Throat / Mouth
A. Tonsil and adenoid enlargement or infection
Tonsils and adenoid enlargements in children may have intrinsic, unknown or infective origins.
Adenoid and tonsil enlargement may result in blocked breathing passages, and snoring, which may be associated with reduced oxygen delivery to the brain and vital organs. It is more common in children between 2-10 years of age. Long term, it may contribute to reduced attention span and learning, poor growth and weight control, reduced mandibular growth and poor dentition. Recurrent tonsillitis could be associated with sore throats, fevers, poor feeding, antibiotic resistance and absence from school/ work. Adenoid hypertrophy and adenoiditis may also predispose to chronic glue ears.
Examination in the clinic may include flexible nose endoscopy. X-ray may be needed for children who are unable to cooperate. Sleep study may be required – either home or hospital based for a night.
- Watchful waiting only if episodes are isolated, mild and without significant airway obstruction.
- Fever, pain and antibiotic medications may be required.
- Day surgery for tonsils removal may be required for chronic airway obstruction, severe or recurrent tonsillitis. Diathermy, radiofrequency and coblation methods are available.
B. Unclear speech
Can be due to tongue tie, oromotor poor coordination, wrong learning of speech, very large tonsils, cleft palate, submucous cleft, soft palate insufficiency/ weakness, disproportionate craniofacial structures, poor lateral pharyngeal wall tone, neurological disorders.
- Examination of oral cavity with good headlight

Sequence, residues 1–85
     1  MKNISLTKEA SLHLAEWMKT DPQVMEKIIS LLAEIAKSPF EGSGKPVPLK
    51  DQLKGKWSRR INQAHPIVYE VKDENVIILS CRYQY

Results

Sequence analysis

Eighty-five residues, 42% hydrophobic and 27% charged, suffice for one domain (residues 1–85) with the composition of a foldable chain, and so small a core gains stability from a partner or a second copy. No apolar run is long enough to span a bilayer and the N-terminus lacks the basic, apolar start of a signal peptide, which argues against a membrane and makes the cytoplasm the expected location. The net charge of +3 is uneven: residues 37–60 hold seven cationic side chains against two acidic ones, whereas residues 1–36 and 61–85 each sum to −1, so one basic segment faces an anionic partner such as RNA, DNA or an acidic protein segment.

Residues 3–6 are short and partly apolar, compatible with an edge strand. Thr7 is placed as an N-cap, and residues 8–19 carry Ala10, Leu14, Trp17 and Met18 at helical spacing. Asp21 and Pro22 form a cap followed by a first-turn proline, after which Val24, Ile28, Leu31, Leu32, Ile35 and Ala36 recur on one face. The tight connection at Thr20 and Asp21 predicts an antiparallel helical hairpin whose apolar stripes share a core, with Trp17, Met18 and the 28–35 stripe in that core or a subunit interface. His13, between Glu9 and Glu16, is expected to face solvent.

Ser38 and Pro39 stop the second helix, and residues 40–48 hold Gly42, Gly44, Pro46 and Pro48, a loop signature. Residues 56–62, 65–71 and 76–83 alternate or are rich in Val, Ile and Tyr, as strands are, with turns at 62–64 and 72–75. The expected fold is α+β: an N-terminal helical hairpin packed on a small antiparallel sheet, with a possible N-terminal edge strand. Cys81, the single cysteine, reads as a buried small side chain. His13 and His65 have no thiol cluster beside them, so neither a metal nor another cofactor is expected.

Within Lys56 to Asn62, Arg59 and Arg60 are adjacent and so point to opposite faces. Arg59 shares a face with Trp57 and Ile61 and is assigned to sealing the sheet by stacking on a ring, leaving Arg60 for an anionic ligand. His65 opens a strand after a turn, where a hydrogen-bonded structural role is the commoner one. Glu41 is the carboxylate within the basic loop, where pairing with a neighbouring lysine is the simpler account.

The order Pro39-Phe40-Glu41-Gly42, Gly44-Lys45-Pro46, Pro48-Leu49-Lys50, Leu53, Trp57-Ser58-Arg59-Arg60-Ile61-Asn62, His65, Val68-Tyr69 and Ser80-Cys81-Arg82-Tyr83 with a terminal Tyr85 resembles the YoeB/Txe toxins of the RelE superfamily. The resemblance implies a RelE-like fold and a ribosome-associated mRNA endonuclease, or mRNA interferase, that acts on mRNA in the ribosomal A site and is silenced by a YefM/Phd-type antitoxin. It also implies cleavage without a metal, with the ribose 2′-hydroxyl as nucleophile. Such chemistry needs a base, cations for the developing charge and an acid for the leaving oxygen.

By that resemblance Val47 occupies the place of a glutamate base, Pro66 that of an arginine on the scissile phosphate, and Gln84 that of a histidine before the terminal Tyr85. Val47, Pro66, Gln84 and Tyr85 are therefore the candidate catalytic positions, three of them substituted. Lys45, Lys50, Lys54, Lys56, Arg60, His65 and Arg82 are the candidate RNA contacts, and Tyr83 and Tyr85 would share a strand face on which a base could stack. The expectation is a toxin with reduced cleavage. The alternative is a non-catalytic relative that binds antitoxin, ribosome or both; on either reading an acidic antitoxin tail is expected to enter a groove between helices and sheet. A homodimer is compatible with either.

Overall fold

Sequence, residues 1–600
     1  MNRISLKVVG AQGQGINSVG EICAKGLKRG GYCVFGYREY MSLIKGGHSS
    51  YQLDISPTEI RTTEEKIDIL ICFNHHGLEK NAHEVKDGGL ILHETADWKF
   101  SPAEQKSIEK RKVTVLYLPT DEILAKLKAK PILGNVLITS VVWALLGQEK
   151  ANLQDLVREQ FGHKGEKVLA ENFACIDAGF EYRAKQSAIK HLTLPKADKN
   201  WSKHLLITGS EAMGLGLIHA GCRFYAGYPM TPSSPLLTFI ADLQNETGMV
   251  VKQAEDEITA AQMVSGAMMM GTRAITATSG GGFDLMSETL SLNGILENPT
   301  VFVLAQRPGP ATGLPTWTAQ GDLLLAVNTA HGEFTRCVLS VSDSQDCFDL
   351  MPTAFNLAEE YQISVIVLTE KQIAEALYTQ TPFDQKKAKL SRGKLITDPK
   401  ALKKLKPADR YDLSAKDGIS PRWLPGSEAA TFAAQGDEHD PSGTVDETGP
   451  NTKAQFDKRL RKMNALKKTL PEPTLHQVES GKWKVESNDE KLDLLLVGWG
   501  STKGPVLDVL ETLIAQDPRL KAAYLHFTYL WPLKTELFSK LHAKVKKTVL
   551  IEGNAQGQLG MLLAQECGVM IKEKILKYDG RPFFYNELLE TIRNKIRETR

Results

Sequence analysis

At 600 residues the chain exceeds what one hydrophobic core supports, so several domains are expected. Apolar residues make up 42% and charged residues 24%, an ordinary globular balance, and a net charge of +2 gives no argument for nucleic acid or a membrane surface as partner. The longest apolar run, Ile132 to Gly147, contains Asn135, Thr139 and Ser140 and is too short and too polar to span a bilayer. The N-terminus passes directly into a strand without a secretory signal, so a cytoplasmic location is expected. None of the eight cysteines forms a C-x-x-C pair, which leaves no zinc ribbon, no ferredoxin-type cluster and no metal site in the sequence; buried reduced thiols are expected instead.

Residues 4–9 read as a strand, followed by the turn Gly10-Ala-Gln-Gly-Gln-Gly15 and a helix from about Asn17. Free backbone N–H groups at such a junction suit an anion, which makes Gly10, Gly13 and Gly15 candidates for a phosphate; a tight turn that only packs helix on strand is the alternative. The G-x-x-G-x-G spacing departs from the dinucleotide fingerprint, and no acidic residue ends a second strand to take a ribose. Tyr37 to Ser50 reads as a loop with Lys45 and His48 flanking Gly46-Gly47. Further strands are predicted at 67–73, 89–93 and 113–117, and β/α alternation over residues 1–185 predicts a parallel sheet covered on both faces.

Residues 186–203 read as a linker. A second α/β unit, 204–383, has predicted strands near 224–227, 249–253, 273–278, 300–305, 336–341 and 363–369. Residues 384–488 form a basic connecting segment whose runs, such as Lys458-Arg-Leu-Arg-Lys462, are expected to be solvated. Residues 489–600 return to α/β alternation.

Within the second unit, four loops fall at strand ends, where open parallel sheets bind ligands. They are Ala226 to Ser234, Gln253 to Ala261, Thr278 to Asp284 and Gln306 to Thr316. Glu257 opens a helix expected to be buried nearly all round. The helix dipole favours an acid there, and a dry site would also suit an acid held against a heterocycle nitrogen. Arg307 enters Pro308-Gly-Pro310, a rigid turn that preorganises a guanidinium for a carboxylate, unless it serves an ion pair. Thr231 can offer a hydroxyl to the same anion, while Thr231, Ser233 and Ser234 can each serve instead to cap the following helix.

- Flexible nasoendoscopy with patient speaking
- Work with a speech therapist/paediatrician/ plastic surgeon/ dental colleagues for multidisciplinary evaluation
- Tongue tie release if severe
- Speech therapy
- Repair of submucous cleft, tonsillectomy, pharyngeal flap, sphincteroplasty as needed
C. Gastric acid reflux into larynx
The ring of muscle between the esophagus and stomach is weak or relaxes abnormally. In Laryngoesophageal reflux disease (LERD), backflow of the acid from the stomach up into the voice box and laryngeal area causes irritation, phlegm and hoarseness in the throat. Mild cases are sometimes common in children before the age of 1 year old. In more complex laryngeal and tracheal airway anomalies, often an associated condition worsening the airway pathology. Obesity, coughing, vomiting, straining or sudden physical exertion can cause increased pressure in the abdomen. Importance:
LERD may not be associated with gastric pain or heartburn sensation. More often, it is just chronic throat irritation worse after meals or sleep, or hoarseness of voice that prompts an evaluation. It also worsens airway swelling in larynx and pharynx in young children. Children may have recurrent vomiting, crying, irritability and food refusals at meal times, with poor weight gain.
- Nasolaryngoendoscopy in the clinic
- 24 hour double pH probe
- Barium swallow/ meal
- Evaluation by gastroenterology and swallow specialists
- Avoid feeding lying down or near bed time
- Dietary and lifestyle modification: reduce weight, smoking, chocolate, peppermint, fried/ fatty foods, coffee and alcohol
- Medication for reflux
- Surgery if the hiatal hernia is strangulated or there is severe reflux